When an individual dies, their estate enters a process called probate. A legal requirement for every U.S. citizen, a probate court will oversee the estate’s distribution and work to settle matters over the decedent’s assets, property and debt.
Alongside the estate administrator, the courts will also navigate will disputes and claims against the estate. Satisfying these claims may require an administrator to liquidate estate assets or property. So what can one do to protect these assets and preserve more of the estate for its heirs?
The role of the administrator
A decedent’s will may designate a personal representative to serve as the administrator. In the absence of a will, the probate court chooses the administrator. This individual is responsible for collecting all relevant information about an estate and working with the court to process the financial matters of death. The estate administrator job requires a lot of work in tracking down assets, but a comprehensive estate plan can help considerably.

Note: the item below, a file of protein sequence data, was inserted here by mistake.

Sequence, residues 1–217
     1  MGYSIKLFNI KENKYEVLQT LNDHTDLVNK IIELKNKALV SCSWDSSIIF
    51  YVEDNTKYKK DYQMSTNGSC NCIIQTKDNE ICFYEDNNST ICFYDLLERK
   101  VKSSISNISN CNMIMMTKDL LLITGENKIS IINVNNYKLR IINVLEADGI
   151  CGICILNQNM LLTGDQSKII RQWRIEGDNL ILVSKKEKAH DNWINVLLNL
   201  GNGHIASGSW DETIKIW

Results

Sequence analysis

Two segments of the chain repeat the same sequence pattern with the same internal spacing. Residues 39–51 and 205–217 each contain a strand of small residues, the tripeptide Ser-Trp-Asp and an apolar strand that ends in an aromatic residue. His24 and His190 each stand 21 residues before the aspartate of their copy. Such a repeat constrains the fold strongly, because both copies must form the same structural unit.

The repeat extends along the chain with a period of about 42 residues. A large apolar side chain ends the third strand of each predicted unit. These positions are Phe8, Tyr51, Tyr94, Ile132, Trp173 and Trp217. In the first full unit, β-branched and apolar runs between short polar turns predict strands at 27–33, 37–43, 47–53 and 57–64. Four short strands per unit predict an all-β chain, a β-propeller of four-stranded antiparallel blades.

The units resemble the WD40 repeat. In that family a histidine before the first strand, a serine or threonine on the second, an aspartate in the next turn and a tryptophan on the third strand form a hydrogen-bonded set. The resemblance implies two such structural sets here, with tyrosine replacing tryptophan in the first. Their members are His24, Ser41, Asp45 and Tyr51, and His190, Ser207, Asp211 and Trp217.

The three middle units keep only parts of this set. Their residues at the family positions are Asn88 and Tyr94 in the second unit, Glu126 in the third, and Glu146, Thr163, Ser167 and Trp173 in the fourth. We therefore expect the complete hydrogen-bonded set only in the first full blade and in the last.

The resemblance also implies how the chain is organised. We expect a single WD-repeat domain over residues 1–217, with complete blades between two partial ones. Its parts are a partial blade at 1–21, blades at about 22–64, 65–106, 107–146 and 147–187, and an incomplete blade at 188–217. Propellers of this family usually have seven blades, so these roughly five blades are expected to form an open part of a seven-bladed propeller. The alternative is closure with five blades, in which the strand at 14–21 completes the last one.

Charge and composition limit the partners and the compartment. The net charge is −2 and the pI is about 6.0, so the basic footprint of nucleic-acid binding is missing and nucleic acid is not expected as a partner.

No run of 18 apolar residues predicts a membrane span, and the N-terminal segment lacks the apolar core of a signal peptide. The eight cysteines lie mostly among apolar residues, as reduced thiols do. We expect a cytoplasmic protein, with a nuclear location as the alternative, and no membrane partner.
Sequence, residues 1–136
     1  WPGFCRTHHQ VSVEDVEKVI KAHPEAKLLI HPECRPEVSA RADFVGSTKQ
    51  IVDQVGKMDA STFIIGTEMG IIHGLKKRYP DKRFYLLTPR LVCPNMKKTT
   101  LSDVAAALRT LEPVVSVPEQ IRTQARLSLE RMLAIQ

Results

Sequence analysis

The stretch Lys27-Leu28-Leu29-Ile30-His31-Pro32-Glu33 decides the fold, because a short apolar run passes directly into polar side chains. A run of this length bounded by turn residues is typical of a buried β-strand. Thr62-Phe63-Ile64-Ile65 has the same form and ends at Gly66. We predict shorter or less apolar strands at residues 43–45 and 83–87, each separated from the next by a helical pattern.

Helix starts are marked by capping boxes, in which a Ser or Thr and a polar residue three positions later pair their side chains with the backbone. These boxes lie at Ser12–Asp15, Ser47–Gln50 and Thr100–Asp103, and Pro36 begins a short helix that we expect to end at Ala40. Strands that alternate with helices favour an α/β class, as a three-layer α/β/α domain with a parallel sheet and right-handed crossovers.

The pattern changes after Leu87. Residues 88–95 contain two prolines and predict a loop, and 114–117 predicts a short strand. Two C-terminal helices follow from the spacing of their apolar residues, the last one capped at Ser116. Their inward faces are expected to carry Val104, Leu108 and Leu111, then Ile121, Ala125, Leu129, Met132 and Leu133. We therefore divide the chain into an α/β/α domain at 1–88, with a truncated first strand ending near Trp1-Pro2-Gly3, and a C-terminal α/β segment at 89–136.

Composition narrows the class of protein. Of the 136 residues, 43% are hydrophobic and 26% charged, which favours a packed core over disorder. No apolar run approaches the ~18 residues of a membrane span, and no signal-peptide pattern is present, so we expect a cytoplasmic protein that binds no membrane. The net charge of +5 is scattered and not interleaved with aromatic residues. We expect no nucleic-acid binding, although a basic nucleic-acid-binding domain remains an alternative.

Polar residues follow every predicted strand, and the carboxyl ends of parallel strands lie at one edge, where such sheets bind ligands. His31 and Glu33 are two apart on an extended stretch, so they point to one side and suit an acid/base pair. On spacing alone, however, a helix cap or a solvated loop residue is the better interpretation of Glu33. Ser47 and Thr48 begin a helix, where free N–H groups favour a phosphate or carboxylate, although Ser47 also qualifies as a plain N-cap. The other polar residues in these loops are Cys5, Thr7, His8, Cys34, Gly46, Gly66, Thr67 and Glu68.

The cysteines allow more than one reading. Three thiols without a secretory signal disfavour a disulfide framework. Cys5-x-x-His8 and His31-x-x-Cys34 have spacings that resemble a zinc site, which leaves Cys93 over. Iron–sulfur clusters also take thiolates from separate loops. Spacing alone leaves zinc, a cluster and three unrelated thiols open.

Tactics to protect assets
A well-designed estate plan can help heirs preserve their family’s property. Attorneys tasked with drafting these plans often use these four tactics:
- Joint property: An administrator may need to liquidate high-value assets to satisfy outstanding debts. Listing a joint owner for the family home, vehicles or other property ensures these assets pass directly to the joint owner upon death.
- Trusts: Trusts are tax-free havens for assets or cash. Individuals can choose from many different trusts, each with their own rules for asset distribution and taxes.
- Individual Retirement Account (IRA): Retirement accounts work well for those looking to fund a retirement lifestyle but do incur taxes when they pay out after death. Setting up a Roth IRA, the account holder pays taxes up front, allowing their heirs to access the funds without penalty.
- Gifting: Gift laws changed as recently as 2017, increasing the cap on the value of tax-free gifts an individual can give. Once a year, a person can give another up to $14,000 tax-free.
Draft an estate plan today
Those looking to preserve their estate for their heirs can reach out to a local lawyer familiar with estate planning for help. An attorney can work with banks and insurance companies, draft all relevant estate planning documents and even serve as the estate administrator.